Two shows I streamed earlier this year came from North Hollywood’s Road Theatre. Harrison David Rivers’ This Bitter Earth (now closed) was well directed by Gregg T. Daniel. Despite its title, it focused on an interracial gay relationship and the problems the partnered men were having with their differences. There was nothing particularly new there. Their disagreements were mundane for the most part and could easily be attributable to any romantic relationship, gay, heterosexual or anything else. And, ho-hum, how many plays of that kind have you seen…? I thought so. The acting by Matthew Hancock and Chase Cargill was sharp and engaging, but Rivers’ script was only mildly involving, not enough to overcome that nagging sense of déjà-vu.
The opposite might be said of Steve Yockey’s Reykjavík. His play is a bare-bones fever-dream about gay male dalliance under the Icelandic Northern Lights. Directed by Ann Hearn Tobolowsky, it is a collection of intimate short scenes that extend their reach into other worlds that include talking ravens and other vaguely hallucinatory manifestations. Weird? Yes. Forcibly and intentionally so.
The acting and directing is professional and I would like to think that it has found its audience, since The Road has just extended the streaming run to June 13. The piece struck me as an offbeat attempt merely to shock, and hopefully amuse, though to no perceivable end. But given the extension, and barring wishful thinking, there may well be a market for it.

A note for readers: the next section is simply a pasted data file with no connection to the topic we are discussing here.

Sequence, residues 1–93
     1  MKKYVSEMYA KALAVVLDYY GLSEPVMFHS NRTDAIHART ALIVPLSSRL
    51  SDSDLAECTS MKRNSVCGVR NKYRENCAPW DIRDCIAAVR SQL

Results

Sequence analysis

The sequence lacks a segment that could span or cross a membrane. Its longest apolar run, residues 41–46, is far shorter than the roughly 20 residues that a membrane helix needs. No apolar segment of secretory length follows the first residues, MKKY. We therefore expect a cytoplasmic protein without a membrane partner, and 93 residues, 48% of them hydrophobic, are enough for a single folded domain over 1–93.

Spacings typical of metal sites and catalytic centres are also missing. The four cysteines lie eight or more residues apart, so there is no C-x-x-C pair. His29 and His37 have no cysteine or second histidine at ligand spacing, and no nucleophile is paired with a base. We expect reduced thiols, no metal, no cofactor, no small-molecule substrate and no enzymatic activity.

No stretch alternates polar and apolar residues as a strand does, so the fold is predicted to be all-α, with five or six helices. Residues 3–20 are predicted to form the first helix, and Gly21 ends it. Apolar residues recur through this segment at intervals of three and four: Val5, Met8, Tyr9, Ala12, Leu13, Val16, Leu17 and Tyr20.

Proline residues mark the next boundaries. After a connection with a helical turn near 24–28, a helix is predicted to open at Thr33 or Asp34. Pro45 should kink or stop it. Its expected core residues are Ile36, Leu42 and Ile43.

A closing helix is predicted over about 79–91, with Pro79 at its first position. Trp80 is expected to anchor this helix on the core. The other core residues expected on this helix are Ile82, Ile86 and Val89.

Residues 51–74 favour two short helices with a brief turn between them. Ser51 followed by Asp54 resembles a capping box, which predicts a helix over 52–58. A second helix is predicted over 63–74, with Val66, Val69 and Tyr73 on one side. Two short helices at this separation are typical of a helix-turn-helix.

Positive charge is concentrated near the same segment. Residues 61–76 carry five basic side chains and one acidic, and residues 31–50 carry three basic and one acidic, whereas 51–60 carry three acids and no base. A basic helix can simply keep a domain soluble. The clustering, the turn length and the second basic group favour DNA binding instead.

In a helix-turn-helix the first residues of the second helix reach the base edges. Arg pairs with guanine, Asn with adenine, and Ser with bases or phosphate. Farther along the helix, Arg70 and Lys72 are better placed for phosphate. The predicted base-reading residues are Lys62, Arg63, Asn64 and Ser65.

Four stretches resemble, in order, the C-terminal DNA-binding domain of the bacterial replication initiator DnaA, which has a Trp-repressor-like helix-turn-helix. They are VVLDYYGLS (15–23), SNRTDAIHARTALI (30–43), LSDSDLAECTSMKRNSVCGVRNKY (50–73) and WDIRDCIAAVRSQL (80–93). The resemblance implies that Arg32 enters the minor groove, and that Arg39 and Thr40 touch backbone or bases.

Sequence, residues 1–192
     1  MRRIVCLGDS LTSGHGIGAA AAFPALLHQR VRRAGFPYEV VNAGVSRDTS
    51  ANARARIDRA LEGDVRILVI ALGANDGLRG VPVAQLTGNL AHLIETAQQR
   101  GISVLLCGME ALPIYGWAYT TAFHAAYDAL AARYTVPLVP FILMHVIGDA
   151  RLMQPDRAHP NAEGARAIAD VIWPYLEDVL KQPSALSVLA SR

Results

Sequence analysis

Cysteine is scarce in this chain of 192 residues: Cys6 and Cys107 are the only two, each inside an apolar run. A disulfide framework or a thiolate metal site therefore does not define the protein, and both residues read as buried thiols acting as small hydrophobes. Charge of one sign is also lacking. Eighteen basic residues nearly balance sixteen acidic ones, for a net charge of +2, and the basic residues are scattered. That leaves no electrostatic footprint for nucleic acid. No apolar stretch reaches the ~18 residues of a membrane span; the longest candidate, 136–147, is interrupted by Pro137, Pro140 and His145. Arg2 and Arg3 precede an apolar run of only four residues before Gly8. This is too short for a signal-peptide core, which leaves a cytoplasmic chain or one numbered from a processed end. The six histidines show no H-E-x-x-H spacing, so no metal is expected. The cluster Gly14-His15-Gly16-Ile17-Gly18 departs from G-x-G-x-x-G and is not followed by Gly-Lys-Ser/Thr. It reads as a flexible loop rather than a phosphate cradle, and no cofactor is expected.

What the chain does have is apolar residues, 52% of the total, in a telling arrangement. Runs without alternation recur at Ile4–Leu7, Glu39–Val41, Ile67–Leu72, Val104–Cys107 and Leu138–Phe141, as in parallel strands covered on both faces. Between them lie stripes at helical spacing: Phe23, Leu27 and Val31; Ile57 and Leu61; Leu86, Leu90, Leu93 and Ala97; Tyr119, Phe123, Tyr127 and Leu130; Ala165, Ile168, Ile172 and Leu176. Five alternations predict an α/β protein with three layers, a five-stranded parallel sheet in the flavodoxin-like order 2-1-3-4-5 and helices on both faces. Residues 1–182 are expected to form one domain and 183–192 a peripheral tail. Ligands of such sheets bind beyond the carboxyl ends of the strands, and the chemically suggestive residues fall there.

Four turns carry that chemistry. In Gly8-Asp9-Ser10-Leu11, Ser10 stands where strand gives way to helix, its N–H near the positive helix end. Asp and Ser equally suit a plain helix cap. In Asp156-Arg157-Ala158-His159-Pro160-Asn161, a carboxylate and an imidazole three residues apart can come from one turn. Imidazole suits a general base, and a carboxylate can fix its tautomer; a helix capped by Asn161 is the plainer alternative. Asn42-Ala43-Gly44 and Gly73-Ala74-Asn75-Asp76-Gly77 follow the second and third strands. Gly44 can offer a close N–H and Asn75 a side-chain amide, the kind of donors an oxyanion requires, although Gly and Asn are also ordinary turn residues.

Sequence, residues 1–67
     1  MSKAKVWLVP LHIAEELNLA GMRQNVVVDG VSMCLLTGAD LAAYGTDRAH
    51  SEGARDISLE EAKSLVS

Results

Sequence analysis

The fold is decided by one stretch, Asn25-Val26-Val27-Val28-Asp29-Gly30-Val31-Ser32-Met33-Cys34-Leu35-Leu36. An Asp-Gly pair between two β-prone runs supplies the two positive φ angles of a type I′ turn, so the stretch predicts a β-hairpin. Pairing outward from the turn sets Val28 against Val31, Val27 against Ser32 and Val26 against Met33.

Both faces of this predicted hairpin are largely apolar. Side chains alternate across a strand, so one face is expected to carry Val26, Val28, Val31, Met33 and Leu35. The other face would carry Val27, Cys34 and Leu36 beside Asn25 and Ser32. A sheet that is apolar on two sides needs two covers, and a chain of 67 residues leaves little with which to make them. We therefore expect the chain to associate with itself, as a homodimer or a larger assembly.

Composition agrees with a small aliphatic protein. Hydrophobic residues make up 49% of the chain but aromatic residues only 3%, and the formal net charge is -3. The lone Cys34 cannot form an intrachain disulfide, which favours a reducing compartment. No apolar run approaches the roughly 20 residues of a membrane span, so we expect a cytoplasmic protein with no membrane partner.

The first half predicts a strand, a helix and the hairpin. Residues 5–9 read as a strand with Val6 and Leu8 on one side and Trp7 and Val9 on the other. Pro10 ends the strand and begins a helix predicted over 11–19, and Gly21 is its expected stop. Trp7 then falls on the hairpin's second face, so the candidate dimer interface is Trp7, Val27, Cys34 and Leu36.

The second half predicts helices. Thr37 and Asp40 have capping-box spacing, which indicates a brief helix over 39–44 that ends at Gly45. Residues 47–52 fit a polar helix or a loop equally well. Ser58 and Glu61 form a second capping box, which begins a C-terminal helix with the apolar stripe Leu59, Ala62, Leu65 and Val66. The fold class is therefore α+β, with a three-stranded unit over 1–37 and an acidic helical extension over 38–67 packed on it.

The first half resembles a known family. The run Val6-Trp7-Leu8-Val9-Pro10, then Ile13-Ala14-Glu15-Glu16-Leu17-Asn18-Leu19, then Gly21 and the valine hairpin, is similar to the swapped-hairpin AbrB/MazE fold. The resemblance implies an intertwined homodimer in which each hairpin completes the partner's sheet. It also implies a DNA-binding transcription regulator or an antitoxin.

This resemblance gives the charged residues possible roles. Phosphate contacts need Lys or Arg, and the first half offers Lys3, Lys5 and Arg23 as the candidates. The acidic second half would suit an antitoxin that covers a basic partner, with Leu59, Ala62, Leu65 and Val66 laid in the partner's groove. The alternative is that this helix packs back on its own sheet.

The claustrophobic year of Covid we’ve all experienced has more than likely taught each of us something new about ourselves. What I’ve learned about me is that I can become lazy under such constraints and now need to retrench, reassess and re-evaluate my horizons. I will continue to write about the art of theatre as long it remains an art and as long as I’m lucky enough to be aroused by the force of its magic when it is magical. (No more retreads, please; nobody needs them.) We live in a complex world that changed profoundly in 2020 and is making inroads and urgent demands on our sanity and attention. I hope to remain open and alert to that call, wherever it may lead. Say tuned. And stay safe, vaccinated or not.
WHAT: Alice in Wonderland
WHERE: Streaming at A Noise Within
TICKETS: $25 for individuals, $40 for a family, available at anoisewithin.org.
Tonight, tomorrow, June 10, 11, 17 & 18 at 7 p.m.
Saturdays, June 5, 12 & 19 at 6 & 8pm.
Sundays, June 6, 13 & 20 at 2pm.
Ends June 20.
WHERE: 48-hour Rental at The Road Theatre.
WHEN: Anytime on-demand streaming of Reykjavík through June 13.
HOW: Tickets: $25. To purchase, visit www.roadtheatre.org or call 818-761-8838.
Top image: The cast of Alice in Wonderland at A Noise Within.
Alice in Wonderland photos by Craig Schwartz
ABOUT THE AUTHOR
Sylvie Drake is a trilingual translator and writer, who was born in Alexandria, Egypt. She has an MFA in directing from the Pasadena Playhouse, is a former theatre critic and columnist for the Los Angeles Times, serving as chief critic for the last three of a total of 23 years. She was invited to establish Prima Facie, the first new play festival for the Denver Center Theatre Company that continues to this day under a different name, and later served for several years as director of Media Relations & Publications for The Denver Center for the Performing Arts as well as advisor to the Denver Center Theatre Company. She was twice president of the Los Angeles Drama Critics Circle, is a current member of the American Theatre Critics Association and a current contributor to culturaldaily.com and other publications.